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Lynx: early text-only Web browser

Last Edit: 10/01/17

Introduction

Lynx is one of the earliest web browsers, and it appears to be the oldest browser currently in use and development (2014). The first web browser was designed by Tim Berners-Lee, and was released in 1991; when the World Wide Web was launched. The problem with Berners-Lee's browser: is that it was only designed to work on a specific platform of Unix. Therefore, an effort was made to design browsers that would expand the amount of platforms that could access the web. One of these browsers was Lynx: developed by three students at Kansas University in 1992:

  1. Charles Rezac
  2. Lou Montulli
  3. Michael Grobe

In the early 1990's, the majority of computers that connected to the Internet used the Unix operating system; Windows and Macintosh machine did not provide extensive networking features at that point in time. Therefore, Lynx, and other early web browsers, were designed to work on Unix. Early versions of Lynx were also compatible with the VMS operating system: which was used by the VAX, Alpha and Itanium based computers. Lynx is currently (2014) compatible with the majority of operating systems; it is packaged with a wide range of Linux versions.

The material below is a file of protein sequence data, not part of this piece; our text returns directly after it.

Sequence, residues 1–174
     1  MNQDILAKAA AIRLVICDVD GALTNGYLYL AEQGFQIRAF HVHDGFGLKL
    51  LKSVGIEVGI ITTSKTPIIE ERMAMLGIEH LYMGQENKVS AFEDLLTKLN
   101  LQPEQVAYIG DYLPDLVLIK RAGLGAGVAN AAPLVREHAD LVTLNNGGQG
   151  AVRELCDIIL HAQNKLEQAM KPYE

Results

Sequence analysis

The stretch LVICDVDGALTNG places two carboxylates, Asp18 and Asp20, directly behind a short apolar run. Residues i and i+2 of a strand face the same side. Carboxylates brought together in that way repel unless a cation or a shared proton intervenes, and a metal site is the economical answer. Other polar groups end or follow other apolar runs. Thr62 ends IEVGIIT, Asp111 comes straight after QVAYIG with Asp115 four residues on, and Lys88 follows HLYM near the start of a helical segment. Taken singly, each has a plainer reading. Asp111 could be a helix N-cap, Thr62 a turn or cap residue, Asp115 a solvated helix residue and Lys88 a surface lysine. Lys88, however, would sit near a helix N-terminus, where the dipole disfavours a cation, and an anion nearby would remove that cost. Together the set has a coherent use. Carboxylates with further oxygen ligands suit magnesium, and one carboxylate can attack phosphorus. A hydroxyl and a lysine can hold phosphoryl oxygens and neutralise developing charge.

Features

Lynx is a text-only browser - all of the earliest web browsers were text-only - therefore, Lynx will render a webpage in a drastically different way to modern web browsers. The drawback to being text-only: is that Lynx cannot adequately serve websites with a strong focus on providing multimedia content. The advantage is that Lynx can quickly load the textual content of webpages, and is ideal for Internet users using a dialup content, or, have a low download limit. However, it has to be said, that most modern browsers have the option to 'turn off' images.

Lynx, by default, has a black background colour, and text is rendered in white: which is the opposite of most other browsers, which have a white background and text is rendered in black. Lynx does support HTTP cookies, but does not support Flash or Javascript: some websites require the support of Flash or Javascript, therefore, Lynx will not be compatible with such websites. Lynx provides support for users who are visually impaired: it provides a text-to-speech (TTS) system and a braille terminal that can display braille characters.